Buddha before Buddhism 3: Ancient City


Notes on a talk by Michael Stone at Centre of Gravity, Toronto, May 13, 2013

Religion is an attempt to respond to the strain at the centre of every heart. Every child has a religious feeling. Can you remember? Before it was educated out of you. I’m just back from Trinidad where Maria told me this story. One day my dad woke up and went to the front door and put his feet up, he did a handstand that lasted ten minutes. Every day he did his handstand, a little longer each day. No one asked why. But I felt he was understanding something about me by doing it.

We’ve been looking at the Buddha’s teachings and peeling back the layers so we can regain the religious spirit in him, rather than the idealized icon. What the Buddha offers to the strain in the heart is a path. And at the same time there’s an acknowledgment that the strain at the heart is the human condition. There’s no escaping it. This strain offers possibility and responsibility. It’s possible to transform stress. You can practice to uncover your human nature, to uncover who you are.

There was a temple in Thailand recently renovated. They found a five ton plaster Buddha. They dug it up and used it on their altar. Then a decision was made to move the temple, so they moved the Buddha. Then the temple moved a third time, and with great effort, the Buddha was moved again. Finally the temple was moved to Bangkok, and they travelled with the Buddha there, but as they were hoisting it into place, one of the ropes snapped and the Buddha fell and cracked. When they examined the cracks they saw gold shining through. This five ton solid gold Buddha had been plastered over for two hundred years. When the Burmese invaded Thailand this became standard hiding practice. How often do we do this in our own lives? We plaster over the gold.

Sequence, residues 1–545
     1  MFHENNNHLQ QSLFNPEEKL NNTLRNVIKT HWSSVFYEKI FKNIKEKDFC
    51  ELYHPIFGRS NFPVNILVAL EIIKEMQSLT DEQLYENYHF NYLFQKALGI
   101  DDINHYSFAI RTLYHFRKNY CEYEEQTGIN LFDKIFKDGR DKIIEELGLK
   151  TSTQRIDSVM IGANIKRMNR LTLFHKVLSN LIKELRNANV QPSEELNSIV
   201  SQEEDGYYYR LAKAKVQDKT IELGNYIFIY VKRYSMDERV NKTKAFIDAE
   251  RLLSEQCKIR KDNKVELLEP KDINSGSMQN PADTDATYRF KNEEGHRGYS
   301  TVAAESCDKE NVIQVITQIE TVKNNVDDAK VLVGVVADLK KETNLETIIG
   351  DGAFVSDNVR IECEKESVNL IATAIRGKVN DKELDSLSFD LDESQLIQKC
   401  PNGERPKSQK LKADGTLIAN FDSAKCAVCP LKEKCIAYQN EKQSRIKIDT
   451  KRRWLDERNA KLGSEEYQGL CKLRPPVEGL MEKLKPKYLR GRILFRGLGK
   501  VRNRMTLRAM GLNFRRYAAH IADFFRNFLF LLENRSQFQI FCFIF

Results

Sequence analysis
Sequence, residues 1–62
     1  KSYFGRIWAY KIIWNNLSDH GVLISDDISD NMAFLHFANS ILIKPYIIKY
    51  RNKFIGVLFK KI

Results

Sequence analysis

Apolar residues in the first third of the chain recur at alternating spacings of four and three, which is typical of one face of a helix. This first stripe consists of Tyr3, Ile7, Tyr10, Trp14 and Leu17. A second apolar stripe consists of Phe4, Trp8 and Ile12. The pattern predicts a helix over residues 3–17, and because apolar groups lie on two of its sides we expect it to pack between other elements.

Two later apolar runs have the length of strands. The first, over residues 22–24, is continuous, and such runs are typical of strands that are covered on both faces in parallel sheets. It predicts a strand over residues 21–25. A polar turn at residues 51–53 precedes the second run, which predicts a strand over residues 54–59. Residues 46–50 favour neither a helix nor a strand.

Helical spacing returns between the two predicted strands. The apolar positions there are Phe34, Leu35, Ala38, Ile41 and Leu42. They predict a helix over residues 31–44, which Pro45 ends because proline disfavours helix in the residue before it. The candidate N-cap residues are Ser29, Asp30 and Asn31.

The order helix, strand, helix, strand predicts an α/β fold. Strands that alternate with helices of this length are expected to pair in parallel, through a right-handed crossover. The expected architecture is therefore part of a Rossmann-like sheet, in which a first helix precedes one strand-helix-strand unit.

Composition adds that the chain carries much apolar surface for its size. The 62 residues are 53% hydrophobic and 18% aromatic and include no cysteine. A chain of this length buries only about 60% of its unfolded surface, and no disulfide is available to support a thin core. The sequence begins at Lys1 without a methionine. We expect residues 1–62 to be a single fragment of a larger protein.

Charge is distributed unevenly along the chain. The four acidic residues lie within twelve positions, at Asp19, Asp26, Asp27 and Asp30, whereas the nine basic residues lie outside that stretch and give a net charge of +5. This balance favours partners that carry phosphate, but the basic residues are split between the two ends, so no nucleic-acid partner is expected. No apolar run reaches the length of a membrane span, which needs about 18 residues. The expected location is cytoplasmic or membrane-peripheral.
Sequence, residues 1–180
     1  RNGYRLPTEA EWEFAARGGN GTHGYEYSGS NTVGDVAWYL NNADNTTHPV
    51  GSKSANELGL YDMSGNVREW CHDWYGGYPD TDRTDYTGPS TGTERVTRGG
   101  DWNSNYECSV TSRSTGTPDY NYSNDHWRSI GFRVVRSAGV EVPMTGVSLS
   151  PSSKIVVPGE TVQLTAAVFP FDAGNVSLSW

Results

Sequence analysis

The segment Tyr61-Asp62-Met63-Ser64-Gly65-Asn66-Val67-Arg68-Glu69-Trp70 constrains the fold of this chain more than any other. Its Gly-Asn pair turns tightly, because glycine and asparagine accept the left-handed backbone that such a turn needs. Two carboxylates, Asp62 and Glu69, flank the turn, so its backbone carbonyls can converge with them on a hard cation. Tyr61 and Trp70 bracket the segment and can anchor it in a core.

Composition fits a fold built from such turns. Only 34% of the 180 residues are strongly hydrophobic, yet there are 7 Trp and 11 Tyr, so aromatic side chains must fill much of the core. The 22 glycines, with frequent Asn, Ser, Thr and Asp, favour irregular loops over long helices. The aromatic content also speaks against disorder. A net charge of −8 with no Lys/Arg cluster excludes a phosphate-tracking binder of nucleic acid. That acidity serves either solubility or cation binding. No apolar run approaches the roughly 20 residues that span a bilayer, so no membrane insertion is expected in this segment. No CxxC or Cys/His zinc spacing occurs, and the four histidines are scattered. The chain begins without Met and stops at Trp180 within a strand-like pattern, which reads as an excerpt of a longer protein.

I asked my teacher Patabhi Joiis about nirodha. The usual translation is cessation, the end of something. What does nirodha mean I asked him? He said, “The end of covering over.” Our practice is to end the covering over, and end the painful confusion that covers our being.

One of the things that is unique about the Buddha’s teachings is how they’ve moved beyond their particular time and place. They’ve entered other countries and come alive. The Zen temples in Japan don’t look like the mindfulness centres in Wisconsin. These teachings can respond to suffering and assume different cultural forms. In order for a tradition to be alive it needs to communicate and converse with what’s happening now in different fields. With the practices of our culture in our time. And it also needs to maintain a conversation with the past. There needs to be a dialogue forwards and backwards.


The Parable of the City (Nagar Sutta)
The Pali word for city is nagar and it means city, settlement, or someone becoming professional. Some of the world’s first cities are forming around the banks of the Ganges at the moment when the Buddha is born. He’s witnessing the first rural to urban shift. Nagar – the professional – the birth of the professional class.

In the Brahmanic culture the upper class were called Brahmins or arya – noble ones. So the Buddha took to calling the people around him arya – noble ones. In other words, being noble isn’t something you’re born into, but you become noble via practice and commitment.

“Suppose, monks, a man wandering through a forest would see an ancient path, an ancient road travelled upon by people in the past. He would follow it and would see an ancient city, an ancient capital that had been inhabited by people in the past, with parks, groves, ponds and ramparts, a delightful place. Then the man would inform the king or a royal minister: ‘Sire, know that while wandering through the forest I saw an ancient path, an ancient road travelled upon by people in the past. I followed it and saw an ancient city, an ancient capital that had been inhabited by people in the past, with parks, groves, ponds and ramparts, a delightful place. Renovate that city, Sire!’ Then the king or royal minister would renovate the city, and some time later that city would become successful and prosperous, well populated, filled with people, attained to growth and expansion.”